8 Thursday, April 12 2018 | NEW ERA Photos: Emmency Nuukala and Nuusita Ashipala Some parents feel it is too dark in the morning when their children head to school. Havana resident Tate Sacky escorts his son and daughter to get a taxi to school. Livestock have enough water as attested by this rural scene at Oshiku shaLaban village outside Oshakati. A group of street kids seen begging at a street corner. Street kids begging in and around the city has become more frequent and worrisome. Former vice-president Dr Nicky Iyambo and his wife Johanna arrive for the State of the Nation Address. Members of parliament share a light moment before the reading of the State of the Nation Address by President Hage Geingob yesterday.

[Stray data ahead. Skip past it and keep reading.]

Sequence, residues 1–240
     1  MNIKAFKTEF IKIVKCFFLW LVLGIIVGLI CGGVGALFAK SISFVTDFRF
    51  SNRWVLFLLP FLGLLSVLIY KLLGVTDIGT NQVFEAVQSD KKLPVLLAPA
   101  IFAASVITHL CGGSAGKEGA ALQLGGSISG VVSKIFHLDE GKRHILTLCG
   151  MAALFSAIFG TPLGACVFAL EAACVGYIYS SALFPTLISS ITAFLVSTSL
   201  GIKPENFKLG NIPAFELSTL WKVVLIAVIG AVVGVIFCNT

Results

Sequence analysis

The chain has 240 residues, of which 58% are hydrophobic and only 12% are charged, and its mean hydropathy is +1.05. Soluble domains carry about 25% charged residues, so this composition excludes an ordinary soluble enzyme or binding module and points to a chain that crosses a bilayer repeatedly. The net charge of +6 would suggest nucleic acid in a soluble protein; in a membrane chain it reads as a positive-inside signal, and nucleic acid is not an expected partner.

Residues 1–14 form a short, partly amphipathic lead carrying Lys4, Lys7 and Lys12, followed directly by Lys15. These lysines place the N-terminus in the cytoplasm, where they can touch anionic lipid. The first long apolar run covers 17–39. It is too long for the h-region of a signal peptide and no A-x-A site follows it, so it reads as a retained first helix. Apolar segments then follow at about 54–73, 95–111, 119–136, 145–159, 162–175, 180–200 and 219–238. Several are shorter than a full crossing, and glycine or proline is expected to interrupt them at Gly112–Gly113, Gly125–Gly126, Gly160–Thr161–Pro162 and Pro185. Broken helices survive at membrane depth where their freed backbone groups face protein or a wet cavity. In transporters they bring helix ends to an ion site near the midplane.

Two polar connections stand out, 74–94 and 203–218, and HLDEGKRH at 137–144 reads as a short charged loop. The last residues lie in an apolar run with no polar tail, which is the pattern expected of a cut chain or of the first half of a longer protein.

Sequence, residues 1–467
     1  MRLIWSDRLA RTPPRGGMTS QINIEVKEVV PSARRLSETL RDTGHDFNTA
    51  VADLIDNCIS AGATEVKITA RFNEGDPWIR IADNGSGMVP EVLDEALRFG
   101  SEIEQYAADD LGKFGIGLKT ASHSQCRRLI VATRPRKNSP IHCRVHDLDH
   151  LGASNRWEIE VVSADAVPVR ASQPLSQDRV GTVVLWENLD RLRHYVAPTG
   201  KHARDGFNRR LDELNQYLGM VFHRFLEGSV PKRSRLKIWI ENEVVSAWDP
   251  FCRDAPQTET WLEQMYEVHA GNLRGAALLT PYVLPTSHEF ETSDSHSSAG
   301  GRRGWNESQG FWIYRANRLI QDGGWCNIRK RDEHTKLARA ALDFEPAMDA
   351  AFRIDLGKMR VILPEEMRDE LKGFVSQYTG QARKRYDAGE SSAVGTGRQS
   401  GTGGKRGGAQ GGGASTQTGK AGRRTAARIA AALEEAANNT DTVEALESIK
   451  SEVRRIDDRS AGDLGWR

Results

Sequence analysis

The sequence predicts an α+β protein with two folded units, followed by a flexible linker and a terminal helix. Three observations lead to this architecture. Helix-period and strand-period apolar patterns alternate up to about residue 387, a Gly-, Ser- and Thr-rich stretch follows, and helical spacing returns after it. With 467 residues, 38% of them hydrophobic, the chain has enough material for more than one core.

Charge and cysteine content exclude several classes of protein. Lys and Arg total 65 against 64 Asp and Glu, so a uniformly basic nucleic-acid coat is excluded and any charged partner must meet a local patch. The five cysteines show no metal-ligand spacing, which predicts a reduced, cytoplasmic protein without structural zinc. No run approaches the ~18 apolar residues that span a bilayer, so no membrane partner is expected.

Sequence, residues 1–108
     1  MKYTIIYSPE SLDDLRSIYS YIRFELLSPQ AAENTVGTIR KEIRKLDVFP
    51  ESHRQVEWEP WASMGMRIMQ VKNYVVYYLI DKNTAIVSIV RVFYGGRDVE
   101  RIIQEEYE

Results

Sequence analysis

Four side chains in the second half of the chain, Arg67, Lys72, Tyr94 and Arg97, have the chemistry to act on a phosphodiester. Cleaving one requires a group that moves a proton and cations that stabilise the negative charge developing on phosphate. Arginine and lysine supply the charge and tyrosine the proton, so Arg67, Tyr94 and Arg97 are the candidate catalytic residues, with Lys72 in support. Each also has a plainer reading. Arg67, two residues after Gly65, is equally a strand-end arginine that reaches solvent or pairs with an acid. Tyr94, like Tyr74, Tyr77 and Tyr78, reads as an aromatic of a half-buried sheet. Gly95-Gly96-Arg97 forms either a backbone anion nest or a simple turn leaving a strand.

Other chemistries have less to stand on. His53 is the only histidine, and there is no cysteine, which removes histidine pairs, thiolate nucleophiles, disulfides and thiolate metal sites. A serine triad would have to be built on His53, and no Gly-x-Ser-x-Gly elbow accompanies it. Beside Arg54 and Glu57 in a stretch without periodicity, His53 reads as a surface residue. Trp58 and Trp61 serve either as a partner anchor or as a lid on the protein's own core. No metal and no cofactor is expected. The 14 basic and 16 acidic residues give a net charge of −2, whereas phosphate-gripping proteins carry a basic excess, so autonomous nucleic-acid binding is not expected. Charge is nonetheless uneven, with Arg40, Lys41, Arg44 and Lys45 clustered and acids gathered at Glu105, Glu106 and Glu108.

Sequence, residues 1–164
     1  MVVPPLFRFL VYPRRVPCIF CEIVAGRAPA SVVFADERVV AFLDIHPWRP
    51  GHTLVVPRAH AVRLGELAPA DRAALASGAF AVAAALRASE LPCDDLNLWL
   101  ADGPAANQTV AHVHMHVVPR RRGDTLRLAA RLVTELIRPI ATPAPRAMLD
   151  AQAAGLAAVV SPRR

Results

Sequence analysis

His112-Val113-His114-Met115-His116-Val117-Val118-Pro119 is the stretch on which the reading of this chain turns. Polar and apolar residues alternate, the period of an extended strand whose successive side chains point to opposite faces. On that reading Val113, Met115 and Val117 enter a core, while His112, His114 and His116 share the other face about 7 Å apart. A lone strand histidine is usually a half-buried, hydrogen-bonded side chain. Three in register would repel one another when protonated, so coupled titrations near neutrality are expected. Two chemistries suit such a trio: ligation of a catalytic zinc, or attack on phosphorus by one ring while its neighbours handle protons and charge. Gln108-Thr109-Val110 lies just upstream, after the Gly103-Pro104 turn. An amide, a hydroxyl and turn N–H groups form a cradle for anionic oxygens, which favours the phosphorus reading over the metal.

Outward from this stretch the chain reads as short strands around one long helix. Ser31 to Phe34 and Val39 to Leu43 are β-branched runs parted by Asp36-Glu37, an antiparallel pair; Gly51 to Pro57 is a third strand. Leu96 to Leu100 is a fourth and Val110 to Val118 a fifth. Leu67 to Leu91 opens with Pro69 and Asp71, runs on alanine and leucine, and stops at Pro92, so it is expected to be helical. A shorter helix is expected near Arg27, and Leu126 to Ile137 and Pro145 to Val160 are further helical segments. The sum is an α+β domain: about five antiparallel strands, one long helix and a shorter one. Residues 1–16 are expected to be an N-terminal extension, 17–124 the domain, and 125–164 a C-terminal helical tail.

NEW ERA Picking up the Pieces: What’s Next for Zimbabwe’s Economy? Page 10 INSIDE BUSINESS This news is your business Deloitte launches Best Company to Work For survey Staff Reporter Windhoek Deloitte Namibia yesterday launched its 2018 Best Company to Work For survey that has been running for over a decade. The survey, for which applications close on May 31 and which has to be completed by August 24, has recently been enhanced after an extensive redesign process and employee satisfaction investigation with the objective to provide strategic output insights for increased organisational effectiveness. In 2017 Deloitte Namibia adopted the redesigned survey in which a total of 18 companies participated. Namibia has recorded a total of 42 companies participating. As a strong brand among human resources practitioners the survey remains a reputable source of comparable data for companies and the awards ceremony remains an important date on the annual events calendar. The Best Company to Work For survey measures employee experiences and incorporates smart analytics coupled with best practice research methodologies to deliver a diagnostic tool for organisations to measure year-on-year attributes that and attraction to an organisation. Excelling companies within the survey qualify for either gold or platinum achievement seals. According to Deloitte Namibia’s Senior Manager in Human Capital, Priscilla Husselmann, the reengineered survey now provides comprehensive insights with more dynamic reporting available on the Deloitte Best Company Survey Portal, which allows participants to take immediate responsive action. The key objectives of the survey enable organisations to identify what attracts and motivates individuals within the workplace and overall productivity and engagement levels. BoN leaves repo rate unchanged at 6.75% Staff Reporter Windhoek Consumers can breathe a sigh of relief as the repo rate has been left unchanged at 6.75 percent by the Bank of Namibia’s Monetary Policy Committee in an effort to support economic growth. Although a reduction in the repo rate would have signalled some minimal relief for consumers, the MPC noted that the decision to leave the rate unchanged was taken to safeguard the level of foreign reserves in view of the decline in SACU revenue and various risks related to the future developments in foreign reserves. The repo rate is the rate at which commercial banks borrow from the central bank and therefore directly affects interest rates charged for borrowing and investing. of international reserves stood at N.1 billion, representing a decline of N.1 billion since the end of December 2017. “At this level, the stock of international reserves is projected to cover 3.8 months of imports of goods and services. Although reserves between the Namibia Dollar and the South African Rand, it is relatively low compared to Namibia’s peers in the region,” said BoN Governor Iipumbu Shiimi yesterday at the announcement at the central bank. Shiimi also noted that the domestic economy contracted slightly in 2017 while sector credit extension (PSCE) slowed. “The domestic economy contracted by 0.8 percent in 2017, compared to a positive growth rate of 0.7 percent in 2016. The contraction in 2017 is due to declines in the construction as well as wholesale and retail trade sectors, coupled with slower growth in the manufacturing, electricity and water, transport and communication as well as the public sectors. Other key sectors such as mining and agriculture, however, improved over the same period. Going forward, the domestic economy is projected to start a gradual recovery with an expected growth rate of 1.4 percent in 2018,” Shiimi stated. - BoN Governor Iipumbu Shiimi to 8.0 percent in the previous year. The fall rose on average during the same period, mainly on account of higher international oil moderated to 3.5 percent during February 2018, from 3.6 percent in January. Going around 4 percent in 2018. Annual growth in PSCE slowed during the corresponding period in 2017. The average annual growth rate of PSCE stood at 5.3 percent for the six months up to February 2018, lower than the 7.2 percent recorded during the preceding six months. The slower growth in PSCE is due to reduced growth in credit advanced to both the household and corporate sectors, especially in the form of mortgage and instalment credit. Since the last MPC meeting, the growth in PSCE rose moderately to 5.7 percent at the end of February 2018, from 5.1 percent in December 2017 as reported in the previous MPC statement. “The government budget delivered in March 2018 provided for further narrowing of GDP in 2018/19. The MPC welcomed the could have a positive impact on the level of foreign reserves going forward,” said Shiimi. Meanwhile, global growth improved during the fourth quarter of 2017 compared to the third quarter, and is projected to continue improving in 2018. Monetary policy stances in key economies have generally remained of 2018. Global economic activity is estimated to have expanded in the last quarter of 2017, compared to the previous quarter, mainly on the back of robust consumer spending forward, the global economy is projected to grow by 3.9 percent in 2018, on account of marginally higher growth in emerging market and developing economies (EMDEs).